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United States of America v. David A. Gross

January 27, 2012


The opinion of the court was delivered by: Spatt, District Judge.


This Decision and Order is in response to the letter application supported by an affidavit by the defendant David A. Gross (the "defendant" or "Gross"), dated January 20, 2012, for early termination of the defendant's term of supervised release.


On November 16, 2007, the defendant was sentenced to 33 months and placed on supervised release for a three-year period. According to the defendant, he has completed more than twelve months of his supervised release term, as he commenced his supervised release upon his discharge from custody on June 4, 2010. The defendant now requests early termination of his three-year supervised release sentence as set forth in his affidavit and letter. The defendant advances the following reasons in support of this application:

"15. Remaining under the supervision of the Department of Probation makes it extremely difficult to find new employment (probationers are required to advise all potential employers of their probationary status and, as one could easily imagine, this status has the potential of greatly decreasing the likelihood of a successful result.) Furthermore, it is demeaning, demoralizing, inconvenient and embarrassing to me. It is also, I (in) my opinion, an unnecessary expense and a burden to society. For these reasons I make this present motion."

Defendant's affidavit at p. 5; repeated verbatim in the defendant's letter dated January 20, 2012.

So that the defendant's reasons for his request for early termination of his supervised release are: (1) difficulty in finding new employment; (2) his supervised release is "demeaning, demoralizing, inconvenient and embarrassing"; and (3) his supervised release is "an unnecessary expense and a burden to society."

The Government opposes this application, stating that there are no new or unforseen circumstances raised by the defendant. See United States v. Kyles, 601 F.3d 78, 86 (2d Cir. 2010) (the District Court is authorized to modify or reduce . . . the condition of supervised release . . . prior to the expiration of the term of supervised release to account for new or unforseen circumstances.").


The Court may terminate a term of supervised release and discharge a defendant "at any time after the expiration of one year of supervised release . . . if it is satisfied that such action is warranted by the conduct of the defendant released and the interest of justice." 18 U.S.C. § 3583(e)(1); see United States v. Lussier, 104 F.3d 32, 36 (2d Cir. 1997) (holding that pursuant to section 3583(e), a district court may permit the early discharge of a defendant from supervised release "in order to account for unforeseen circumstances"). Early discharge is appropriate to "account for new or unforeseen circumstances" not contemplated at the initial imposition of supervised release. See Lussier, 104 F.3d at 36. Changed circumstances that justify early termination include a defendant's exceptionally good behavior that makes the previously imposed term of supervised release "either too harsh or inappropriately tailored to serve" general punishment goals. Id. This determination is within the discretion of the district court. Id.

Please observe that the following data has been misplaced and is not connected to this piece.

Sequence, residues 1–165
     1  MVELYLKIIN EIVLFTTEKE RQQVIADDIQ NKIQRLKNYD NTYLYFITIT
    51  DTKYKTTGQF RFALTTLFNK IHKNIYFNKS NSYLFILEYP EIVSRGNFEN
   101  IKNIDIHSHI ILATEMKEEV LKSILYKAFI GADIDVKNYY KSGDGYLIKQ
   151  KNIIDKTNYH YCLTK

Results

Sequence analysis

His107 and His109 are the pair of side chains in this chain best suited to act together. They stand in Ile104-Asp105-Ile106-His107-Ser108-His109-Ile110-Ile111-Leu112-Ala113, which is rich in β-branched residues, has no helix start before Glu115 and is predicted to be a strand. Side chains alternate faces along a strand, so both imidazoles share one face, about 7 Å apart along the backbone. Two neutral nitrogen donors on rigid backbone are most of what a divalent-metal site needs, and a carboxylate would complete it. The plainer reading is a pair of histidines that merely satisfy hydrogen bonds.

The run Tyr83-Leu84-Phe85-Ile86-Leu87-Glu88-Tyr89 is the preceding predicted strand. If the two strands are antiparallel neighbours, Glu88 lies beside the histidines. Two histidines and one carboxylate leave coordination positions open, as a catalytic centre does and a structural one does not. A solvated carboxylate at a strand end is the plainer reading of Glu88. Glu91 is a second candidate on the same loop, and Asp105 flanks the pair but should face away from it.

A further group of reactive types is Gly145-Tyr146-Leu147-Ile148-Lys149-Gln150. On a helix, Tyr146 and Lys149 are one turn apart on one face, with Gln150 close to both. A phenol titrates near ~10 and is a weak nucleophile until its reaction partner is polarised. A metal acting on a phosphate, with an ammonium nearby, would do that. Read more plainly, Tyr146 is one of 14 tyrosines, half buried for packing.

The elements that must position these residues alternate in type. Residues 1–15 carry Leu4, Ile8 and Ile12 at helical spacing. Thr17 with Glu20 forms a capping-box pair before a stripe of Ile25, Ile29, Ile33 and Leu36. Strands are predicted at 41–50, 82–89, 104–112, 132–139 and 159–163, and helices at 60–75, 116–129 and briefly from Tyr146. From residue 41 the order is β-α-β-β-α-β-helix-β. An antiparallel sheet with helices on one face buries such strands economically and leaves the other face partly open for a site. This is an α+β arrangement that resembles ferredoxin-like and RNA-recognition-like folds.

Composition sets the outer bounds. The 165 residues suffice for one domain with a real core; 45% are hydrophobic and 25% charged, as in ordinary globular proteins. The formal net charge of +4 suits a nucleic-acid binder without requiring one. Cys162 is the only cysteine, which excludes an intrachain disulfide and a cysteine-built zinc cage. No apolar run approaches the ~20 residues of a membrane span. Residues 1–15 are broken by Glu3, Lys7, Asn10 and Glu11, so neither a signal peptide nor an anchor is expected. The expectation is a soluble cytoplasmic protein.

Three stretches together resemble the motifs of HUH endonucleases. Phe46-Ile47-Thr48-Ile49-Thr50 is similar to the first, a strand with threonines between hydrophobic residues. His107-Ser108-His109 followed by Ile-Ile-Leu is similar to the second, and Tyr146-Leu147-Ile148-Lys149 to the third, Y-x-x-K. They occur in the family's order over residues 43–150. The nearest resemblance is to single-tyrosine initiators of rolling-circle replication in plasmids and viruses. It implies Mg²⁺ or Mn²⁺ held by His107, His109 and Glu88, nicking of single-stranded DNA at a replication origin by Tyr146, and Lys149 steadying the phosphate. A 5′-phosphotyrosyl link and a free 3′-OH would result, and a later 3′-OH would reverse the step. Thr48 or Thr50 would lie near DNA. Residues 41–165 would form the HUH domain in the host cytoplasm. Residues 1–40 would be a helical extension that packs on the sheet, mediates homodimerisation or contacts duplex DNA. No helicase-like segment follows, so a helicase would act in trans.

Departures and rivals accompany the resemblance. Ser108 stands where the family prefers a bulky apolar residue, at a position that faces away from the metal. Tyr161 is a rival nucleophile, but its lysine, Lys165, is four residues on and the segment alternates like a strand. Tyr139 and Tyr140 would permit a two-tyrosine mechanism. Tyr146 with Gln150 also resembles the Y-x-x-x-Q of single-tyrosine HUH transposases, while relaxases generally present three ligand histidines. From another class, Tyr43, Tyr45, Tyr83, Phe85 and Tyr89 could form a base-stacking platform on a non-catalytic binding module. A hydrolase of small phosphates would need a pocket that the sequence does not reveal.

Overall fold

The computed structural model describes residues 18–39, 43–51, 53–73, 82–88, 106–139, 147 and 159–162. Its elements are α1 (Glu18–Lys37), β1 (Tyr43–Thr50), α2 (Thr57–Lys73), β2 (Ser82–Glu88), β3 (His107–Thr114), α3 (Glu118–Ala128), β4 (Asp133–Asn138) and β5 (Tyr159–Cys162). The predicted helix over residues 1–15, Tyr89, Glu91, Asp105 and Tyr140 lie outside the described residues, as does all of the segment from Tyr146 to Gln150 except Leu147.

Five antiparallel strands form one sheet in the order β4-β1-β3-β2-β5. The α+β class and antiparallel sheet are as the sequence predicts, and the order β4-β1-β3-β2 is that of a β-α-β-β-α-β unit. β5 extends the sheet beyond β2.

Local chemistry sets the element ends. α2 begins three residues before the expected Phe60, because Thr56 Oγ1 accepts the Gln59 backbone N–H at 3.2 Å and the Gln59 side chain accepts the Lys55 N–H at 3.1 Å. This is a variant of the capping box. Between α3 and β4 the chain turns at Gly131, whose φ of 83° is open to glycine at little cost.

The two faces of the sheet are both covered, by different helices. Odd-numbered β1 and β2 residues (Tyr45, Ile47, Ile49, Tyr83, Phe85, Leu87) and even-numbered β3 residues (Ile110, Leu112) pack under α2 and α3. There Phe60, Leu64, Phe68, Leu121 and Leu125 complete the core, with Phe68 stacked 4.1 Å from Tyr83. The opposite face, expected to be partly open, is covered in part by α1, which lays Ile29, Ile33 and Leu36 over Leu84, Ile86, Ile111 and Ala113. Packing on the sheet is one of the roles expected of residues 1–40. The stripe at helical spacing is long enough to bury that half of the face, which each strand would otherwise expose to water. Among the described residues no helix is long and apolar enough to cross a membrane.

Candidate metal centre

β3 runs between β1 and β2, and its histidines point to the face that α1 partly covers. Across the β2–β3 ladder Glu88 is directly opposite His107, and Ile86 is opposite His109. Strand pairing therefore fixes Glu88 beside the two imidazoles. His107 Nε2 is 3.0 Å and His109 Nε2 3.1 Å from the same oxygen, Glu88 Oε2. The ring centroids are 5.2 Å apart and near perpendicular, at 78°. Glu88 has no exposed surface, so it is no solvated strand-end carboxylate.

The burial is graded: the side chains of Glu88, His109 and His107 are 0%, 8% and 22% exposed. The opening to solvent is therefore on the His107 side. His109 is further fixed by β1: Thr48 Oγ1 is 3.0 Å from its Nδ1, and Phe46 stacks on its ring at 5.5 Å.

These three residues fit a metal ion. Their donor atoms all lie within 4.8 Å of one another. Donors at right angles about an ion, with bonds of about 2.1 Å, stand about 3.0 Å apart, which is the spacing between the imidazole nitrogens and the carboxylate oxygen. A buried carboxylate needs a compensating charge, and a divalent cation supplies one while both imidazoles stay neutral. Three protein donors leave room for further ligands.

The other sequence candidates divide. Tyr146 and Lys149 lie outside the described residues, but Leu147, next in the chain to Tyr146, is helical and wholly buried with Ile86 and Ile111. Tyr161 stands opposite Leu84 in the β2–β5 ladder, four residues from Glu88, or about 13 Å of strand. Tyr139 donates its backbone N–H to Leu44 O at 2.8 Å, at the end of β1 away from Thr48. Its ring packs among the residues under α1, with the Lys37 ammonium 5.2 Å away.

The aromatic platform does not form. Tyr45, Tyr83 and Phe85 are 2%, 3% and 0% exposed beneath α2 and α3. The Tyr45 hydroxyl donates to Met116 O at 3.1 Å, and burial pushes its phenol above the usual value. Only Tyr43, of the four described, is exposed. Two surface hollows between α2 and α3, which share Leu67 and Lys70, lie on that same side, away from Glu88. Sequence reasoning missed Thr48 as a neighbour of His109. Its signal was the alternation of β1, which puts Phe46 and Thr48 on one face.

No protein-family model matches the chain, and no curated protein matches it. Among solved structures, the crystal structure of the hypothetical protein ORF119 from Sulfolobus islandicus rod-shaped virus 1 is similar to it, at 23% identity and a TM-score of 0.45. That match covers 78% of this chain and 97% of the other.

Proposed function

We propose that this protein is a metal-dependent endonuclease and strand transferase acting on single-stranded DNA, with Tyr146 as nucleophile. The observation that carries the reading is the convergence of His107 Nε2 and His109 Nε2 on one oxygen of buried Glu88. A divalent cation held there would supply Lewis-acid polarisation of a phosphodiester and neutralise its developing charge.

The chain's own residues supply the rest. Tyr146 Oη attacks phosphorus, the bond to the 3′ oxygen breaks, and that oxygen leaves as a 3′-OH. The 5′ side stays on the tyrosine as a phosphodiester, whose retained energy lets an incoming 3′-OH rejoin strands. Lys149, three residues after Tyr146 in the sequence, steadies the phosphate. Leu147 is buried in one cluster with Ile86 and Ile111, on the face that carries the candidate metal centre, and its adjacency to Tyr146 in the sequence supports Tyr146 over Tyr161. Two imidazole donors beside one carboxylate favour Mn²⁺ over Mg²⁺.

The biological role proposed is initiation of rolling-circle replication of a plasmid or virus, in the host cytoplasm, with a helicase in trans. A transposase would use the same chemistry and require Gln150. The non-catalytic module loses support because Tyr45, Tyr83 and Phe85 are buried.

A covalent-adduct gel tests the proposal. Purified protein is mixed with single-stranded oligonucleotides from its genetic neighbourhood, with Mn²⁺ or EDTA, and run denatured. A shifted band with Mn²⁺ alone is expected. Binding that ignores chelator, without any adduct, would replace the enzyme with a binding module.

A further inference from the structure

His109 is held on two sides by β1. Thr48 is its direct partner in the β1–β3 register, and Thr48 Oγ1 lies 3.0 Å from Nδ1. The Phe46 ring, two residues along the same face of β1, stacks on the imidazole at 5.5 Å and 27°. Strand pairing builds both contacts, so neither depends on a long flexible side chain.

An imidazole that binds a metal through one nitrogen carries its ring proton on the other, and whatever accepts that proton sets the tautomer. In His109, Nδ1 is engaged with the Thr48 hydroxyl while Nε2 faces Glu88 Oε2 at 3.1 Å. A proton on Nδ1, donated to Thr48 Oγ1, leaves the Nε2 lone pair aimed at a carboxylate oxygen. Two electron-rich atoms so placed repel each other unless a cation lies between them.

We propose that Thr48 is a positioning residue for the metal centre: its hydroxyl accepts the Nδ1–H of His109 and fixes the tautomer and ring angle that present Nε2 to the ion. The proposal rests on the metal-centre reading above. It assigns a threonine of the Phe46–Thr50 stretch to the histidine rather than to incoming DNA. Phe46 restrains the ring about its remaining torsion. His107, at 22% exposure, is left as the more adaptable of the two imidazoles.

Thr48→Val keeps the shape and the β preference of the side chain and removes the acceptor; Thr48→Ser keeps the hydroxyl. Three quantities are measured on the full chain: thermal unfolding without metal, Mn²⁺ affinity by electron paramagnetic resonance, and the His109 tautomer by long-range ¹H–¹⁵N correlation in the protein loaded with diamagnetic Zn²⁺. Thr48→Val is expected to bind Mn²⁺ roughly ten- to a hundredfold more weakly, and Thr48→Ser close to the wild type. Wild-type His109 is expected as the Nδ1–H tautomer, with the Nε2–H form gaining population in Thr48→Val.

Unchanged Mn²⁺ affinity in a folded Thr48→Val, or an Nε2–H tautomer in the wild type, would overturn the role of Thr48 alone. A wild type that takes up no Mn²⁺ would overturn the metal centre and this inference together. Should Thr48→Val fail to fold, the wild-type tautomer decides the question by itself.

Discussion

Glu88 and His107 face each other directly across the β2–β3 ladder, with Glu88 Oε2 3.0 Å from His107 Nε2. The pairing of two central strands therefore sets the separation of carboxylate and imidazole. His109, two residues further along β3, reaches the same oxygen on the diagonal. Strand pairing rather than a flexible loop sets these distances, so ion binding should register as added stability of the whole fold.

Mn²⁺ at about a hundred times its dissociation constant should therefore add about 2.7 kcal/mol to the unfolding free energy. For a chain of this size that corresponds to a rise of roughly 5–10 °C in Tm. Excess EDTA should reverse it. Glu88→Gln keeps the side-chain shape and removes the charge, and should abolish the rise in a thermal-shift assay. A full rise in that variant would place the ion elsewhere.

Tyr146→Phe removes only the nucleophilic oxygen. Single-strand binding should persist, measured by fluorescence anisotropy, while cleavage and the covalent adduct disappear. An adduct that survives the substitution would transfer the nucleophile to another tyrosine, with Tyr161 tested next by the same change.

When determining whether to grant such an application, the Court also must consider the factors set forth in 18 U.S.C. §§ 3553(a)(1), (a)(2)(B), (a)(2)(c), (a)(2)(D), (a)(4), (a)(5), and (a)(6). These factors were also weighed by the Court in determining the initial sentence. See 18 U.S.C. § 3583(e)(1); Lussier, 104 F.3d at 36 (the court must consider certain factors in section 3553(a) before ordering early termination of a term of supervised release).

After considering all the statutory factors, the Court finds that the defendant has failed to present facts and circumstances that demonstrate the "exceptionally good behavior" or any other viable reason for termination referred to in the precedents. Gross has satisfied his conditions of supervised release and apparently resumed his pre-incarceration life. The defendant has not stated whether he has resumed working or has been restored to his pre-sentence family life. All of these activities if participated in by the defendant would be commendable but are expected of a person on supervised release and do not constitute the "exceptional behavior" contemplated in the precedents.

As stated in Lussier, early termination is not warranted as a matter of course; on the contrary, it is only "occasionally" justified due to "changed circumstances" of a defendant, such as "exceptionally good behavior." Id. at 36. Therefore, Gross is not entitled to early termination simply because he has successfully served a portion of his supervised release and complied with the conditions imposed. See e.g. United States v. Rusco, 2000 WL 45438, No. 88 CR 819 (S.D.N.Y. January 19, 2000). Full compliance with the terms of supervised release is what is expected of a person under the magnifying glass of supervised release and does not warrant early termination.

Also, the fact that supervised release has made it difficult to find new employment is not a reason to grant early termination. Unfortunately, almost every supervised release presents this difficulty. Also, the Court regrets that Gross finds supervised release to be "demeaning, demoralizing, inconvenient and embarrassing." Again, it is regrettable that Gross has these feelings, but it is a temporary situation, which will soon be alleviated. Finally, as to the unnecessary expense to society, the Court finds that his relatively unguarded and moderately screened supervised release is not of ...

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